The influence of Dostoevsky

I’ve been reading The Idiot, and the same as with Crime and Punishment, I am now seeing its influences on everything.

I will share just one example, early in the novel. Prince Myshkin, the protagonist and titular ‘idiot,’ is a very open and guileless person, which leads many people who encounter him to doubt his mental health. While waiting to be admitted to a house see someone, he begins chatting in a very open and personal way with the doorman–someone of much lower social standing than himself.

Myshkin talks of an execution he witnessed, and the effects it had on him. He goes into great detail about how he feels the death penalty is torture–more so than any physical torture because while someone is in agony they have no ability to think or worry of anything but that instant in time. On the other hand, a person sentenced to death must spend every moment knowing that the inevitable end is approaching. Every day one thinks ‘in one week I will be dead’ then ‘in one day’ then ‘in one hour’ then ‘in three more streets I’ll be arriving at the guillotine’ then ‘in three more steps i’ll have to lay down’ and on and on, until the final instant when you hear the sound of the blade being released, all of this without any hope, all of it completely inescapable and final.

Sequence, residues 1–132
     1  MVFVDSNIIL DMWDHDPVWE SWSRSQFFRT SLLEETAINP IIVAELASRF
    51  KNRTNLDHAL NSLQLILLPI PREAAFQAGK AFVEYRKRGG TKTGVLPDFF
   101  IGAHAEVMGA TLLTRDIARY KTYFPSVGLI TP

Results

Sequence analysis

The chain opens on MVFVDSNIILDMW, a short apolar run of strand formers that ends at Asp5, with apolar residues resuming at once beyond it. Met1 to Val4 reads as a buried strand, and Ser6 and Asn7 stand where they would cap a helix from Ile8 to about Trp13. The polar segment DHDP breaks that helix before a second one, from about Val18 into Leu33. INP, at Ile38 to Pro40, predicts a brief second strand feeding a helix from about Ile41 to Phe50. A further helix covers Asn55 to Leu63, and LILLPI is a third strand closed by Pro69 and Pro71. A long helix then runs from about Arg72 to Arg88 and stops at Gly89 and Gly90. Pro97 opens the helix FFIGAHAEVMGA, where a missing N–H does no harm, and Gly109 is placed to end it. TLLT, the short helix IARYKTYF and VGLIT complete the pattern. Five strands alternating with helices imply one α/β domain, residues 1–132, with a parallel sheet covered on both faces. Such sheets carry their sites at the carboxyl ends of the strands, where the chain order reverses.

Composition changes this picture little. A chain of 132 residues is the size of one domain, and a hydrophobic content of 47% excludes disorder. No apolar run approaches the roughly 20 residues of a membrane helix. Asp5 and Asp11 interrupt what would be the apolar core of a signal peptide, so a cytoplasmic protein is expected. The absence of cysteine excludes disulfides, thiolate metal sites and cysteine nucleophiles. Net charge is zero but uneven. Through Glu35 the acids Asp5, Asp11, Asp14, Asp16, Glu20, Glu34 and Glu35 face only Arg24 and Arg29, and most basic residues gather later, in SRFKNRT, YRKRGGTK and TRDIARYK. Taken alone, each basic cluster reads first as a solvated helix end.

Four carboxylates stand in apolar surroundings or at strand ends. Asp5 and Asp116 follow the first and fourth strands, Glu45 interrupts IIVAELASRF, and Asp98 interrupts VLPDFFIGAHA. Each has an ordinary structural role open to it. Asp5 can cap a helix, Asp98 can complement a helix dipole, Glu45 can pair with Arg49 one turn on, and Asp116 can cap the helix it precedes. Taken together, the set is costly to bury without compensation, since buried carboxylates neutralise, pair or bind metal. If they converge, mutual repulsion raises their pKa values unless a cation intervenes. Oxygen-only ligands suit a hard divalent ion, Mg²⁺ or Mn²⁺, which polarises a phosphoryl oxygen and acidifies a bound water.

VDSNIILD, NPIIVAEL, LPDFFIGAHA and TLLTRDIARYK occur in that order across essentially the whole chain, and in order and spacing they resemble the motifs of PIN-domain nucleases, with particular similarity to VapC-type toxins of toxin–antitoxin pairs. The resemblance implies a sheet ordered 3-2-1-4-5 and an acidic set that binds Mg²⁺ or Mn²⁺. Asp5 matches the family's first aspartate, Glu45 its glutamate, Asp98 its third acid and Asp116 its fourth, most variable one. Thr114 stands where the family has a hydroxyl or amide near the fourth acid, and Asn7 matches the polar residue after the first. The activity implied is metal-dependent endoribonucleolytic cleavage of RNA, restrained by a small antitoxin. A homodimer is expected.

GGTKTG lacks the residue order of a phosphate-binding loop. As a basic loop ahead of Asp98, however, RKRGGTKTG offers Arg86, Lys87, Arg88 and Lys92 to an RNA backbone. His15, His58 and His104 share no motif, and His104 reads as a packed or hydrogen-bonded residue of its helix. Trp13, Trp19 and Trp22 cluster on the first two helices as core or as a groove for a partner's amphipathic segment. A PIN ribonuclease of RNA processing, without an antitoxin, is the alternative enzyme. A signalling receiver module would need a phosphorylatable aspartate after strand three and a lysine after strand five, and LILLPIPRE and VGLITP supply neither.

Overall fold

Myshkin thinks that this is a kind of psychological torture, far worse than any physical torture, and I identify heavily with that sentiment.

This sort of description of an impending execution is very familiar to me in two other books I’ve read.

In one, The Stranger by Albert Camus (Camus, coincidentally, has a quote on the back of my copy of The Idiot) the character Meursault is sentenced to death, and has similar thoughts about the inevitability of his execution, the hopelessness of it, being worse than the actual idea of dying itself. He fantasizes about his executioners using instead a combination of chemicals that would kill a man only nine times out of ten, or even ninety nine out of one hundred times–because then at least there would be hope.

The second book, Invitation to a Beheading, by Nabokov, is entirely about a man waiting his own execution. Contrary to The Stranger, this man has no idea when his execution will be, and spends a large portion of the book trying to find out. Without knowing, he feels, he can think of nothing else, plan nothing else, take no action. However once he learns the date he realizes that not knowing was a luxury. In the final pages of the book his trip to the guillotine echo how Myshkin imagined such a trip would be, and I can not help but believe this was, if not a direct homage, then heavily influenced by Dostoevsky.

I’m sure other such influences abound, and I’m sure I will continue to have fun spotting them!


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